Because JavaScript is a loosely-typed language, it is very important to understand the subtle differences between optional, nullable, and undefined function parameters and class properties.

Instances of classes and interfaces are nullable by default. For example, the following declaration

 * Some class, initialized with a value.
 * @param {Object} value Some value.
 * @constructor
function MyClass(value) {
   * Some value.
   * @private {Object}
  this.myValue_ = value;

tells the compiler that themyValue_ property holds either an Object or null. IfmyValue_ must never be null, it should be declared like this:

 * Some class, initialized with a non-null value.
 * @param {!Object} value Some value.
 * @constructor
function MyClass(value) {
   * Some value.
   * @private {!Object}
  this.myValue_ = value;

This way, if the compiler can determine that somewhere in the code MyClass is initialized with a null value, it will issue a warning.

You may see type declarations like these in older code:

@type {Object?}
@type {Object|null}

Optional parameters to functions may be undefined at runtime, so if they are assigned to class properties, those properties must be declared accordingly:

 * Some class, initialized with an optional value.
 * @param {!Object=} opt_value Some value (optional).
 * @constructor
function MyClass(opt_value) {
   * Some value.
   * @private {!Object|undefined}
  this.myValue_ = opt_value;

This tells the compiler thatmyValue_ may hold an Object, or remain undefined.

Note that the optional parameteropt_value is declared to be of type{!Object=}, not {!Object|undefined}. This is because optional parameters may, by definition, be undefined. While there is no harm in explicitly declaring an optional parameter as possibly undefined, it is both unnecessary and makes the code harder to read.

Finally, note that being nullable and being optional are orthogonal properties. The following four declarations are all different:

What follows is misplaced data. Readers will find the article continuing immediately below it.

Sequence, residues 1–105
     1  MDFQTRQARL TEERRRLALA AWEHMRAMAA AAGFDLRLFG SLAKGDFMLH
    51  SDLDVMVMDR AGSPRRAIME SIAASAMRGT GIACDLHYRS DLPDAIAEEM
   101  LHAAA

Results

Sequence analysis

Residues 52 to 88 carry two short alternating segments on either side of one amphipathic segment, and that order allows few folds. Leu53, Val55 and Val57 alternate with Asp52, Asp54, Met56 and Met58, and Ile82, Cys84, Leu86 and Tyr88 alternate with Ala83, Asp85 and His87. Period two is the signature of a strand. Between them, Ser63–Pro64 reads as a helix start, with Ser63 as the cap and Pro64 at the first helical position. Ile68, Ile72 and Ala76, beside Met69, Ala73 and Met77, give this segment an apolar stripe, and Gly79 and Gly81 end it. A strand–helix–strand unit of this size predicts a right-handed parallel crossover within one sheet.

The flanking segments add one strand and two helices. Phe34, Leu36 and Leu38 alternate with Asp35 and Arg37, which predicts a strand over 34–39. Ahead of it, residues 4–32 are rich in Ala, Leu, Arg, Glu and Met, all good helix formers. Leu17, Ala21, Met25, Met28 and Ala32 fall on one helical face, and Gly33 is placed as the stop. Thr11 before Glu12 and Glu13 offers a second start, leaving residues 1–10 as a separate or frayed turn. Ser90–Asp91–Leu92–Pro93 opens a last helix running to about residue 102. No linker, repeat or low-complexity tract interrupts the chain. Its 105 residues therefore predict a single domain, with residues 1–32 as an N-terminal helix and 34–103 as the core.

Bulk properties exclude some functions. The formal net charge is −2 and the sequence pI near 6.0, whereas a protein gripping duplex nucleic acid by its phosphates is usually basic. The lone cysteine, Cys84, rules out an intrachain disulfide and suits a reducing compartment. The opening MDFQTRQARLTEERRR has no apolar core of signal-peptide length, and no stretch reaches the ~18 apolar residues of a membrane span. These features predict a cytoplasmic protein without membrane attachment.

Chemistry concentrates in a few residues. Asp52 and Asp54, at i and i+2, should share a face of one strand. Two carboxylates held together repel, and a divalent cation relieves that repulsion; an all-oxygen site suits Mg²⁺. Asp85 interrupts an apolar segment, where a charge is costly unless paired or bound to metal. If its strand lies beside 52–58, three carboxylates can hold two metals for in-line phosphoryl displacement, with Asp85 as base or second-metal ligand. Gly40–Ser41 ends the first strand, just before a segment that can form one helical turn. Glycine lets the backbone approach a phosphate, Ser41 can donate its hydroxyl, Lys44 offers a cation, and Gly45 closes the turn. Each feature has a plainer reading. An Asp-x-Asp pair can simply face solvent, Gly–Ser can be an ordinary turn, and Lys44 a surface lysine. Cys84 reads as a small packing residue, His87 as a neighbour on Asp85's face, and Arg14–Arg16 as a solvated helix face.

* Takes four arguments, two of which are nullable, and two of which are
 * optional.
 * @param {!Object} nonNull Mandatory (must not be undefined), must not be null.
 * @param {?Object} mayBeNull Mandatory (must not be undefined), may be null.
 *     ({Object} would mean the same thing, but is not as explicit.)
 * @param {!Object=} opt_nonNull Optional (may be undefined), but if present,
 *     must not be null!
 * @param {?Object=} opt_mayBeNull Optional (may be undefined), may be null.
 *     ({Object=} would mean the same thing, but is not as explicit.)
function strangeButTrue(nonNull, mayBeNull, opt_nonNull, opt_mayBeNull) {
  // ...


Sometimes types can get complicated. A function that accepts content for an Element might look like:

 * @param {string} tagName
 * @param {(string|Element|Text|Array<Element>|Array<Text>)} contents
 * @return {!Element}
goog.createElement = function(tagName, contents) {

You can define commonly used type expressions with a @typedef tag. For example,

/** @typedef {(string|Element|Text|Array<Element>|Array<Text>)} */

 * @param {string} tagName
 * @param {goog.ElementContent} contents
 * @return {!Element}
goog.createElement = function(tagName, contents) {

Template types

The compiler has limited support for template types. It can only infer the type ofthis inside an anonymous function literal from the type of thethis argument and whether the this argument is missing.

 * @param {function(this:T, ...)} fn
 * @param {T} thisObj
 * @param {...*} var_args
 * @template T
goog.bind = function(fn, thisObj, var_args) {
// Possibly generates a missing property warning.
goog.bind(function() { this.someProperty; }, new SomeClass());
// Generates an undefined this warning.
goog.bind(function() { this.someProperty; });